Inflation not falling fast enough

Inflation continued to fall in the first quarter of 2024, with consumer price growth at 3.6% p.a., and producer prices growing by 4.3% p.a.

However, these inflation figures exceeded market expectations of a slower fall, with inflation rising 1.0% in the first quarter of the year.

They indicate that the “last mile” of inflation will prove especially stubborn and threaten official forecasts for CPI to return to target by end-2025.

Cuts to interest rates are likely to be delayed into late 2024 at the earliest, depending on the strength of the labour market.

Consumers cautious in March

According to ABS data, retail turnover in Australia decreased 0.4% in March 2024.

The decline in March retail revenue was attributable to all industries except for food retailing.

The clothing, footwear and accessories sector faced the largest fall, following a temporary Taylor Swift inspired boost in previous months.  

Per capita retail turnover was $1601 in March. This was preceded by modest increases in January and February. Consumers are cautious of retail spending as cost-of-living pressures remain high.

Living costs hit employees the most

Employee households are currently facing the highest cost of living increases, rising 6.5% p.a. in March.

This suggest underlying cost pressures on employee households are much higher than implied by headline CPI numbers (3.6%). 

Rising interest rates explain these differences, with employee households more likely to be mortgagees. Mortgage interest charges increased to 7.0% in the March quarter up from 5.4% in December quarter.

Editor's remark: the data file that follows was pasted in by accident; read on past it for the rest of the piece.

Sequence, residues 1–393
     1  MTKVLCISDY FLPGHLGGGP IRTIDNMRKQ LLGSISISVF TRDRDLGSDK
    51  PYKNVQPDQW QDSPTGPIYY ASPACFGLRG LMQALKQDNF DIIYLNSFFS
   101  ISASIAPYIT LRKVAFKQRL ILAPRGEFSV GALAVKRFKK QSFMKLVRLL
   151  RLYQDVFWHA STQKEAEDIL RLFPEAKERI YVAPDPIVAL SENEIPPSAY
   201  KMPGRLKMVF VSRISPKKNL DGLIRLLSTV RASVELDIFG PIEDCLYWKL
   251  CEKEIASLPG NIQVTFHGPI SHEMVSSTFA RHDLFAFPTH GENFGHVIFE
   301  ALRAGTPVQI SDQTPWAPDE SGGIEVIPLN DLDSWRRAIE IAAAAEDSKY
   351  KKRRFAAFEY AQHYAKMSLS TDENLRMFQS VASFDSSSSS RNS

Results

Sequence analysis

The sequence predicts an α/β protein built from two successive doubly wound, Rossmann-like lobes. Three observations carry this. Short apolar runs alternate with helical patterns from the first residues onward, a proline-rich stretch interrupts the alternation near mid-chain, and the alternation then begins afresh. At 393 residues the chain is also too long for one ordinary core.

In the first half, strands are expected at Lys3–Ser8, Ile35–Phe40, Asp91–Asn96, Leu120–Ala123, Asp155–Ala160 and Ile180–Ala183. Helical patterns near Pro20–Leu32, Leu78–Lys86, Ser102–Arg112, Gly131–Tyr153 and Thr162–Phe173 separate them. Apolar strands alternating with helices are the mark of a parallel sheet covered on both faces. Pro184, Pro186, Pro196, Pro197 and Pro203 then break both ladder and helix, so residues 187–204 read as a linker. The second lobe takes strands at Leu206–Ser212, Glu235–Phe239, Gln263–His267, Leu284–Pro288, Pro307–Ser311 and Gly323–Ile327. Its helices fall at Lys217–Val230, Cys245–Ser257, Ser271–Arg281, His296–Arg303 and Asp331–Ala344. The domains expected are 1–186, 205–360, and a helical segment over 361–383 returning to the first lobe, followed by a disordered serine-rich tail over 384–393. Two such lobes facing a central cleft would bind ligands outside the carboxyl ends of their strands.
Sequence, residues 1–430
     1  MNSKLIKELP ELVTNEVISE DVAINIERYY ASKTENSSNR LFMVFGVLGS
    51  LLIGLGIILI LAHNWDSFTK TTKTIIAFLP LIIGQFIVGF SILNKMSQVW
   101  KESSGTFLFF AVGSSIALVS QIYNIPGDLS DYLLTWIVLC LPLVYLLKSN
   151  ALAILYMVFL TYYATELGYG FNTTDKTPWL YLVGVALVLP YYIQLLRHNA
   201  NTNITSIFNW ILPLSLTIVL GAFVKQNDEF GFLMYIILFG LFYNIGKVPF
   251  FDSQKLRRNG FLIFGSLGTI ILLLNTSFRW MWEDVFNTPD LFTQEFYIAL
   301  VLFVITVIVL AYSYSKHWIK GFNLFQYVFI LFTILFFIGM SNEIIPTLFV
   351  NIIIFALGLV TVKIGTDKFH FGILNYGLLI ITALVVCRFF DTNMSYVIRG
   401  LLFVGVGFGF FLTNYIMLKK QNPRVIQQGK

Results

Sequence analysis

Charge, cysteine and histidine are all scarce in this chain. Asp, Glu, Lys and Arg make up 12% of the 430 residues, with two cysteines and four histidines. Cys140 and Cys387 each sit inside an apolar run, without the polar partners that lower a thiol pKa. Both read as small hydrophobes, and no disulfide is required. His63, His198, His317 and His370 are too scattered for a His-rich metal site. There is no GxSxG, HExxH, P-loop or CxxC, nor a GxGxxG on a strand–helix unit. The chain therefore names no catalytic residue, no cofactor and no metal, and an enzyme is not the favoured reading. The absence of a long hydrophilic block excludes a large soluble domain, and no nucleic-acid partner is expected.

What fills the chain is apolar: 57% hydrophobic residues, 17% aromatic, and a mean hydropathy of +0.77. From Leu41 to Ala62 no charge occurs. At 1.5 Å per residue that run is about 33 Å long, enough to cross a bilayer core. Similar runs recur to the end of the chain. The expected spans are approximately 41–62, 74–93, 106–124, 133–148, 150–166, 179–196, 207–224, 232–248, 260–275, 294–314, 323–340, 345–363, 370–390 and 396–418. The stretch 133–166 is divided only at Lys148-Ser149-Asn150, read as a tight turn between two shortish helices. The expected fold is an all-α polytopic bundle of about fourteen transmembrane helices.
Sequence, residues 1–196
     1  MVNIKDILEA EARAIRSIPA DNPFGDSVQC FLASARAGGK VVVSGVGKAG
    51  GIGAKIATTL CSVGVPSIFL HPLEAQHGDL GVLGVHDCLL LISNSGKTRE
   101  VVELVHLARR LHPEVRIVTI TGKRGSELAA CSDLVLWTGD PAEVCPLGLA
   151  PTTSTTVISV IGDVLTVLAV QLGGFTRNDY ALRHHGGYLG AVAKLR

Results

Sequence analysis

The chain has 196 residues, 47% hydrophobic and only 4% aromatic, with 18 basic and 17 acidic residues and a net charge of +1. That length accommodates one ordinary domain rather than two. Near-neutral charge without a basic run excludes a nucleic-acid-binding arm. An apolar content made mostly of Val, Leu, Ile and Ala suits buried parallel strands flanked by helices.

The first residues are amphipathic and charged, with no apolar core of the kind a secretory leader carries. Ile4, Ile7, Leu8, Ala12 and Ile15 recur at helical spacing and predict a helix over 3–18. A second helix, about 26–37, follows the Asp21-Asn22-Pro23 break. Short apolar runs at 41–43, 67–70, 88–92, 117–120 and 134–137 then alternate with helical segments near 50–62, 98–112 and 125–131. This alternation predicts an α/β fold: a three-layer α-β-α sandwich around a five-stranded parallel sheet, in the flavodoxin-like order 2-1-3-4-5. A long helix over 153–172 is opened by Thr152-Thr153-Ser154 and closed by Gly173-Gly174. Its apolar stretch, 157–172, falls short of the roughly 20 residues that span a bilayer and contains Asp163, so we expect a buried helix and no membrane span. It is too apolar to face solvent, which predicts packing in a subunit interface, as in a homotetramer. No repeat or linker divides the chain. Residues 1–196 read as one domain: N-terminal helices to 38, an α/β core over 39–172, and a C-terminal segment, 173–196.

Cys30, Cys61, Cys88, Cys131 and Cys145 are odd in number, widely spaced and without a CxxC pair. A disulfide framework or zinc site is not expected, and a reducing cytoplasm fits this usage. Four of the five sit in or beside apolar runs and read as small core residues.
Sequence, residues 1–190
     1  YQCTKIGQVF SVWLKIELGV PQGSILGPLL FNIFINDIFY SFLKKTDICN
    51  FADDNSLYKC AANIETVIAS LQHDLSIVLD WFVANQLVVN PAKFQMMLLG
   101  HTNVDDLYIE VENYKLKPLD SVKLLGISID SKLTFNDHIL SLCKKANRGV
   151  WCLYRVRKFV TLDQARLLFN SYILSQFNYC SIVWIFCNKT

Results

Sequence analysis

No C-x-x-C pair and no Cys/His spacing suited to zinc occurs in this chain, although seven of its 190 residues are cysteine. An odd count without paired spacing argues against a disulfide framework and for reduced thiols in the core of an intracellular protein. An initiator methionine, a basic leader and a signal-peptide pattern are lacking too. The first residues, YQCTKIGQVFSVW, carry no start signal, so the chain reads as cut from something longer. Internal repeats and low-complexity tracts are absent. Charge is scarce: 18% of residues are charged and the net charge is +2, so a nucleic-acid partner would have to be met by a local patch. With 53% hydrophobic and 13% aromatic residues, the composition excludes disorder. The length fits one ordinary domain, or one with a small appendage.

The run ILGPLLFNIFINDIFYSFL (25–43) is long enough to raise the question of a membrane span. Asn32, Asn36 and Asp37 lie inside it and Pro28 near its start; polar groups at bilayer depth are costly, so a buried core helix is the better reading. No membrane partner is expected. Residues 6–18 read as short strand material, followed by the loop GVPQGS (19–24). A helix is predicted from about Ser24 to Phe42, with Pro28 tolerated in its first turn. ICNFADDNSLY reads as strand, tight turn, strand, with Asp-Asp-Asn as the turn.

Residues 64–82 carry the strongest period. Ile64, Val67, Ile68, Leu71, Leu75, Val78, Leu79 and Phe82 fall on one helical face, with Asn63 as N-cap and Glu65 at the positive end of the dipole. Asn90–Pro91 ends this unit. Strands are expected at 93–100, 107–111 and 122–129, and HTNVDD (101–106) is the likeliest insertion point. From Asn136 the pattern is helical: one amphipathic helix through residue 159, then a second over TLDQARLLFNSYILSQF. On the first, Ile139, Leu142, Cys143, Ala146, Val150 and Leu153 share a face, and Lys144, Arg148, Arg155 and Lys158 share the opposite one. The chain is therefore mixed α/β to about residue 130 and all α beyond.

Broader factors, such as higher insurance premiums, healthcare, food and housing also contributed

Discretionary spending slips again

After some improvements early in the year, household spending growth fell again in March.

Household spending grew 2.1% in the month, its second lowest reading since the pandemic.  

Weaker figures for food, transportation, recreation and culture were the major contributors.

Discretionary spending has been flat or contracting for over a year, while even the growth of non-discretionary spending is now being pulled back.

Poor performance of industrials

According to ABS data, 9 out of 13 sectors had business turnover growth in February.

Consumer sectors had a strong month in February, with most of the top performers being those oriented to consumer markets.

However, industrial sectors performed poorly, with manufacturing, wholesale and technical services all contracting in the month.

Among the three industrial sectors that performed poorly in February, mining was the lowest with a 9.6% contraction.

Capex growth still going strong

New capital expenditure (capex) was 20.5% higher in the December quarter than the year prior.

While mining made a positive contribution, overall levels were still very healthy with non-mining capex growing at a fast 17.8% clip.

The utilities sector experienced a particularly high rate of capex growth (14.5% in the December quarter alone). This was driven by investment in renewable energy infrastructure. 

We are currently enjoying the fastest rate of capex growth Australia has seen in a decade.